Remarks on the Evolution of the Expanding Universe in Physical Review 75 No. 7 April 1, 1949, pp. 1089–1095. Ralph Alpher, Robert Herman.

Remarks on the Evolution of the Expanding Universe in Physical Review 75 No. 7 April 1, 1949, pp. 1089–1095

Lancaster: The American Physical Society, 1949. 1st Edition. FIRST EDITION IN ORIGINAL WRAPS OF THE PREDICTION BY ALPHER & HERMAN OF THE TEMPERATURE OF COSMIC MICROWAVE BACKGROUND RADIATION (CMB) TO BE 5 DEGREES K.

In Big Bang cosmology, CMB is the thermal radiation left over from the time of recombination. Erik M. Leitch of the University of Chicago defines it as the “faint glow of light that fills the universe, falling on Earth from every direction with nearly uniform intensity. It is the residual heat of creation--the afterglow of the big bang--streaming through space these last 14 billion years like the heat from a sun-warmed rock, reradiated at night” (Leitch, What is CMB?, Scientific American Web Portal 13 October, 2003).

“A primordial relic radiation from a hot early beginning of the universe was first predicted by George Gamow in 1948 and by his students Ralph Alpher and Robert Herman in 1949. Gamow made calculations of the conditions in the early stage of the universe and understood that the universe had to have a very hot beginning to prevent the coalescence of all hydrogen nuclei into heavier elements.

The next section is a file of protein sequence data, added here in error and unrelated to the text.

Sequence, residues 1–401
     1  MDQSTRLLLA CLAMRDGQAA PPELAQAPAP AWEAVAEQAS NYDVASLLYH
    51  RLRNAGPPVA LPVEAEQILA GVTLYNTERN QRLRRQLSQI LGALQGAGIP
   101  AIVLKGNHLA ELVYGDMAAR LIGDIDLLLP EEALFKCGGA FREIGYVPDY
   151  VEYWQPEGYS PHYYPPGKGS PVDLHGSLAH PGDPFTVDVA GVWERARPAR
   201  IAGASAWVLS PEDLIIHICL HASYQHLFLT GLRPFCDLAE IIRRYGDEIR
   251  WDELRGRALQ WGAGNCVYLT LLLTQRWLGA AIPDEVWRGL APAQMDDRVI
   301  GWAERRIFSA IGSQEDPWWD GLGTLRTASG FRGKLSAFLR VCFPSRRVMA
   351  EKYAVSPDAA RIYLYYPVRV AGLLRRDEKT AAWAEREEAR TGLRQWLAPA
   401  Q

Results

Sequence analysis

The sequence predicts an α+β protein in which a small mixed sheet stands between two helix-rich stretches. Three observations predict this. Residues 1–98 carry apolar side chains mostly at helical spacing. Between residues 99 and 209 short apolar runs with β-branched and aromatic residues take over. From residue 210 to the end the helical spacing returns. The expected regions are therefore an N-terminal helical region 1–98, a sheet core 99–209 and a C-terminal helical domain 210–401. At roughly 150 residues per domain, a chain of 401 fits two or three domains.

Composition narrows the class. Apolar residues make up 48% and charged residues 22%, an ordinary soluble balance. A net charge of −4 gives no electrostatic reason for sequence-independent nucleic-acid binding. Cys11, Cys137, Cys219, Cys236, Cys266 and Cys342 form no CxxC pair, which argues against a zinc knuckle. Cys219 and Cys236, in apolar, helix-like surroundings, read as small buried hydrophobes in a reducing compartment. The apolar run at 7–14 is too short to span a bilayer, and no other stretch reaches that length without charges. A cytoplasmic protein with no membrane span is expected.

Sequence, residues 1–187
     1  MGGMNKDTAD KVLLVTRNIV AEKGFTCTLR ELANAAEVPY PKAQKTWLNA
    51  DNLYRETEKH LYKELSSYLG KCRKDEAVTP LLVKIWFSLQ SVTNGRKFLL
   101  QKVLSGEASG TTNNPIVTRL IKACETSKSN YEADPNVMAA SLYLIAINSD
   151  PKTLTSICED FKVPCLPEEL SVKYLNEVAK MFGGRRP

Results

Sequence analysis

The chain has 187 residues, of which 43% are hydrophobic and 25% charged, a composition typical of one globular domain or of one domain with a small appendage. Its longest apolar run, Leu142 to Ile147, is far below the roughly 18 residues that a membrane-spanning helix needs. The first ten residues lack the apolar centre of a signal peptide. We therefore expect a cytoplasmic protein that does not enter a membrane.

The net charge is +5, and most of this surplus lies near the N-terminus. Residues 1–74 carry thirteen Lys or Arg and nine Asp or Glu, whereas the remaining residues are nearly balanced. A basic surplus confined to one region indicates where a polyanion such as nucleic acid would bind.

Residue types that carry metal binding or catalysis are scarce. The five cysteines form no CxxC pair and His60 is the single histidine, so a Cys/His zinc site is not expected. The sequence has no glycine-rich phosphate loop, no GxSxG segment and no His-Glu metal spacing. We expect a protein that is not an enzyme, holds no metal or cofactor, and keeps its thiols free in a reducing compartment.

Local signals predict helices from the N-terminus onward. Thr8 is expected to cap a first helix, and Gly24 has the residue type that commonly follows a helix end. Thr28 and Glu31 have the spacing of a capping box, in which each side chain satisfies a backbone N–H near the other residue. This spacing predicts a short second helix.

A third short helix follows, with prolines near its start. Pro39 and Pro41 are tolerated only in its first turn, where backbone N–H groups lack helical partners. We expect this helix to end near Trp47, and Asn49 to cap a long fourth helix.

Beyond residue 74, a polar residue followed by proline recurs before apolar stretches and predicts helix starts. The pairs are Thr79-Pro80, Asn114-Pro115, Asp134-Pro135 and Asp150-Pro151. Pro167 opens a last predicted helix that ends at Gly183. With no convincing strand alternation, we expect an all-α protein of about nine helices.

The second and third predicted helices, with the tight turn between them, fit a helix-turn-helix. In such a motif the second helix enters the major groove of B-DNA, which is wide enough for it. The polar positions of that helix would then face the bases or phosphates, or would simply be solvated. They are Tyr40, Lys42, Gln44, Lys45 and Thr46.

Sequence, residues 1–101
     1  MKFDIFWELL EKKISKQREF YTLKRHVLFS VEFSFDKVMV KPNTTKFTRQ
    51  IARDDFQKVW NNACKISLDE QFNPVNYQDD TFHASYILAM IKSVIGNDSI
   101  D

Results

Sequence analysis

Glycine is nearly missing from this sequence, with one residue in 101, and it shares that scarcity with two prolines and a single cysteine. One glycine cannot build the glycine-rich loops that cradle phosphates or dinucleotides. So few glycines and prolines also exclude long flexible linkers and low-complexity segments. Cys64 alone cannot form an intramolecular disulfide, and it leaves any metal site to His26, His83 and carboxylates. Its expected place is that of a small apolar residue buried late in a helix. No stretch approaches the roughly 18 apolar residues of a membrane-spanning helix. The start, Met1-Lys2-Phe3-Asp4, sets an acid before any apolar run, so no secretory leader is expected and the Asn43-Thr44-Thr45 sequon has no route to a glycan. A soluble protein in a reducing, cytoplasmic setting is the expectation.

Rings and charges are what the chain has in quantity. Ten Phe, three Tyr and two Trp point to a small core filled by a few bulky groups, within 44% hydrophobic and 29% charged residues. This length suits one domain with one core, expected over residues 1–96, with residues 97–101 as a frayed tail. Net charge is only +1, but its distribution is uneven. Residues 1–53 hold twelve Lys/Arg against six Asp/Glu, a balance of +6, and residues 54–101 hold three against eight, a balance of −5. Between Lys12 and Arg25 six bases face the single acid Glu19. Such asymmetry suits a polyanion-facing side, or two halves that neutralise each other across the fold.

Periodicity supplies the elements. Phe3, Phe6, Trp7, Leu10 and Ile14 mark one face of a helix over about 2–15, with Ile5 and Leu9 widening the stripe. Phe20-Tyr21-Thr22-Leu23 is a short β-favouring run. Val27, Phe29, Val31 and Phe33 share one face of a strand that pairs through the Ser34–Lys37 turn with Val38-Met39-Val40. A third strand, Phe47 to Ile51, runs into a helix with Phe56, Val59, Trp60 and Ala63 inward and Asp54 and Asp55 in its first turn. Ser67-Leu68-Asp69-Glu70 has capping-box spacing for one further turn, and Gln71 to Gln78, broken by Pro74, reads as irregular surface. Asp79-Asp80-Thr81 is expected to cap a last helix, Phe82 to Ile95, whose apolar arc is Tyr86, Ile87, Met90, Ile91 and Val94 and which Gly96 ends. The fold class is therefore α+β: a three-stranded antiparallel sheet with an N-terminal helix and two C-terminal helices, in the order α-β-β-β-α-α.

In a story related by Hawking, the often humorous Gamow convinced Hans Bethe to coauthor a paper in 1949 with Gamow’s student Ralph Alpher whereby the authors would be cited as Alpher, Bethe and Gamow so that the first letters of each author would coincide with the familiar names of the ‘alpha, beta and gamma’ radiations, which would be most appropriate for a paper on the beginnings of the universe. In their theory they predicted a very hot and dense beginning of the universe, which today with the expanding universe would exhibit a residual photon radiation corresponding to a temperature that would have reduced to only a few degrees above absolute zero of the thermodynamic temperature Kelvin. Alpher and Herman [in this paper] followed the temperature evolution of the early beginning of the universe and predicted a cooling down to a current temperature of 5 K” (L’Annunziata, Radioactivity, 414). Item #818

CONDITION & DETAILS: Lancaster: The American Physical Society. Complete issue in original wraps. 4to (10 x 7.5 inches; 250 x 188mm). Professionally re-backed at the spine. Bright and very clean inside and out. Near fine condition.

Price: $400.00